What do a disqualified high jump record, photographs of birds, and painting the railway headquarters in York have in common? They all feature in the school life of Oliver Bernard Ellis, who attended Bootham School between 1912 and 1916. After leaving school he joined the Royal Naval Air Service, and was killed in 1917. As part of the national Explore Your Archive week (10th to 16th November), Jenny Orwin, Bootham School Archivist, is exploring the story of this individual through the records in the archive.
She explained why Ellis was such a fascinating study – and a bit of a schoolboy rogue! “Oliver was an excellent athlete; he famously broke the school high jump record using the unorthodox technique of diving over the bar head first, only to have the technique disallowed when the rulebook was checked. One night, while at School, he used his agility to climb the roof of the York railway headquarters, where he painted his initials. The next day he reported himself to the Headmaster, Arthur Rowntree, as by then his epic climb was common knowledge. He was taken to the railway offices to explain and apologise, but surprisingly, they refused his offer to repeat the climb in broad daylight to prove that it was possible!”
After leaving school he joined the Royal Naval Air Service. His family sent the School copies of his letters home, the most poignant of which is dated May 3rd 1917, where he writes: “The chances are one in a hundred in our favour, and there we must leave it, having reduced it to that, and thank God that I’ve got the safest job in this war. Don’t worry about me, I’m having the time of my life and am enjoying myself hugely, and the war can’t last for ever.” Less than a fortnight later, on May 20th 1917 he was reported missing. Then news came that his plane had been shot down on May 19th and he had been killed.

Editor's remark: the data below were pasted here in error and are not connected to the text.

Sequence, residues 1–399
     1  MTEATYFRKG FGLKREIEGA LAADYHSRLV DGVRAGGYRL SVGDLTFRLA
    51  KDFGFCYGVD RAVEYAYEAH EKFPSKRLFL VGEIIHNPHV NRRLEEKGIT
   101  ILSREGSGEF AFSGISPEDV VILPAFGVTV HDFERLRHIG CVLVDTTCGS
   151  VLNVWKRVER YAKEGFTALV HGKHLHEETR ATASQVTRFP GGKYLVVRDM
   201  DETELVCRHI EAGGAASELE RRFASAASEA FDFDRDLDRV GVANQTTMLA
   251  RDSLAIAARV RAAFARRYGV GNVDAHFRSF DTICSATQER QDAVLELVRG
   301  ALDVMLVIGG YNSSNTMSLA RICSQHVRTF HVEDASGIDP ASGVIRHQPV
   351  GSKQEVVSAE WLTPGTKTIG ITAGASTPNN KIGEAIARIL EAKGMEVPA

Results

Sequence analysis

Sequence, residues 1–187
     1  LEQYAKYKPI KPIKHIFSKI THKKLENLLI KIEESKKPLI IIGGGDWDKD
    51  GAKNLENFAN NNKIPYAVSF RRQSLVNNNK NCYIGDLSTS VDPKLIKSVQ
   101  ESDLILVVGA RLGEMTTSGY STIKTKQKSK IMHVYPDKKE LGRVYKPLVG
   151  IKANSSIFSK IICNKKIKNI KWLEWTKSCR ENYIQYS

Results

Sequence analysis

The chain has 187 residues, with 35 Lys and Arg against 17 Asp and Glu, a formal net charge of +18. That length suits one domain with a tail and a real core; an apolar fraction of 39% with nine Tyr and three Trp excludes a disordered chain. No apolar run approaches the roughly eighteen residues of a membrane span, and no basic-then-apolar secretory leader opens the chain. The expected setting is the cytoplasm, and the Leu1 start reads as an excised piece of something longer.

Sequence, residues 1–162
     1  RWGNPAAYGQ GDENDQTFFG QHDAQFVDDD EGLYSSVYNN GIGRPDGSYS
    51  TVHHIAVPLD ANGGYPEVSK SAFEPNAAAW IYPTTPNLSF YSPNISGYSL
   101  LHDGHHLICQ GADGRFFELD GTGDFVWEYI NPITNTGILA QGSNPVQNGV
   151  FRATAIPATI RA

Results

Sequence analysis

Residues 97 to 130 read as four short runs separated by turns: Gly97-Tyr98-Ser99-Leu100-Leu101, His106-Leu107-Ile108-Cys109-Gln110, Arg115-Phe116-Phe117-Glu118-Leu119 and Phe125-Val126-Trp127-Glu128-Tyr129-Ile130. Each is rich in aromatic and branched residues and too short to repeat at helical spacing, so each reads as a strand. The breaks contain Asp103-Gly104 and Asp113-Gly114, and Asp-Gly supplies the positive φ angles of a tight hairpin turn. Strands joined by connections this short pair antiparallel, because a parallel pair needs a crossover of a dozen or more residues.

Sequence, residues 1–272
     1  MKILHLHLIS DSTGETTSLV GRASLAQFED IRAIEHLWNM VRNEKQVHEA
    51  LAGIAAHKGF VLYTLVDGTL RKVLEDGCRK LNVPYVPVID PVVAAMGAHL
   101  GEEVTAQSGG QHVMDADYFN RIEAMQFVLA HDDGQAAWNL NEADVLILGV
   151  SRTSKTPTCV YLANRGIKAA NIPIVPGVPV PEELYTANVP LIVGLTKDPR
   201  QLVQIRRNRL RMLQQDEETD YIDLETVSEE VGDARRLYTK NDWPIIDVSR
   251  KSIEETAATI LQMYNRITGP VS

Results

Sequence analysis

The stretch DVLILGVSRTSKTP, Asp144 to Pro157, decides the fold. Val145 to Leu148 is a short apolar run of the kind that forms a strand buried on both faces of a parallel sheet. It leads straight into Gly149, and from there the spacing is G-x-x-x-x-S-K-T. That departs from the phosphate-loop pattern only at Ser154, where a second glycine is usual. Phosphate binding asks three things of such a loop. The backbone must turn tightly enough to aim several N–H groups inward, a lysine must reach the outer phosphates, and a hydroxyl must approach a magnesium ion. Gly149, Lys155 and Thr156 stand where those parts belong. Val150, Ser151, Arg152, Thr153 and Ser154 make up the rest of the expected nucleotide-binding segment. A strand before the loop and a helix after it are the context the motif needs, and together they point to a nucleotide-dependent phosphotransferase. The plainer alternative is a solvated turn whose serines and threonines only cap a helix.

Oliver was a keen ornithologist and photographer, and the Bootham School archive still holds a fascinating collection of photographs taken by him as well as copies of his letters home from the War.
Explore Your Archive week is highlighting the rich and diverse records that archives collect, keep safe, and make accessible. For more information about Bootham School’s archive, please email Jenny.email@example.com